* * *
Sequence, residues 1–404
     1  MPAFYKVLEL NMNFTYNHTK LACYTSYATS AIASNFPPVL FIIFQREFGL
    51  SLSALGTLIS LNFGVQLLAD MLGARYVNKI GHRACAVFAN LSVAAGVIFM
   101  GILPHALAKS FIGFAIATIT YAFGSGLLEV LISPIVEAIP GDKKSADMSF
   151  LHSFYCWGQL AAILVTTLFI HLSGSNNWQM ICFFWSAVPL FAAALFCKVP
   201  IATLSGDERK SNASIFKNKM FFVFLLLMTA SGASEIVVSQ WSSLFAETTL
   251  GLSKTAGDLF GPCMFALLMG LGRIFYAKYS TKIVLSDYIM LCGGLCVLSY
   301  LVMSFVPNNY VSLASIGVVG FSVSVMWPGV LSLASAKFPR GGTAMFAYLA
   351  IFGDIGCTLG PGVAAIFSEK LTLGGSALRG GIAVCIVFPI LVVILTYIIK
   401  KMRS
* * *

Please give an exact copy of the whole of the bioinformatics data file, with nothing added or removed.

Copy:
Sequence, residues 1–404
     1  MPAFYKVLEL NMNFTYNHTK LACYTSYATS AIASNFPPVL FIIFQREFGL
    51  SLSALGTLIS LNFGVQLLAD MLGARYVNKI GHRACAVFAN LSVAAGVIFM
   101  GILPHALAKS FIGFAIATIT YAFGSGLLEV LISPIVEAIP GDKKSADMSF
   151  LHSFYCWGQL AAILVTTLFI HLSGSNNWQM ICFFWSAVPL FAAALFCKVP
   201  IATLSGDERK SNASIFKNKM FFVFLLLMTA SGASEIVVSQ WSSLFAETTL
   251  GLSKTAGDLF GPCMFALLMG LGRIFYAKYS TKIVLSDYIM LCGGLCVLSY
   301  LVMSFVPNNY VSLASIGVVG FSVSVMWPGV LSLASAKFPR GGTAMFAYLA
   351  IFGDIGCTLG PGVAAIFSEK LTLGGSALRG GIAVCIVFPI LVVILTYIIK
   401  KMRS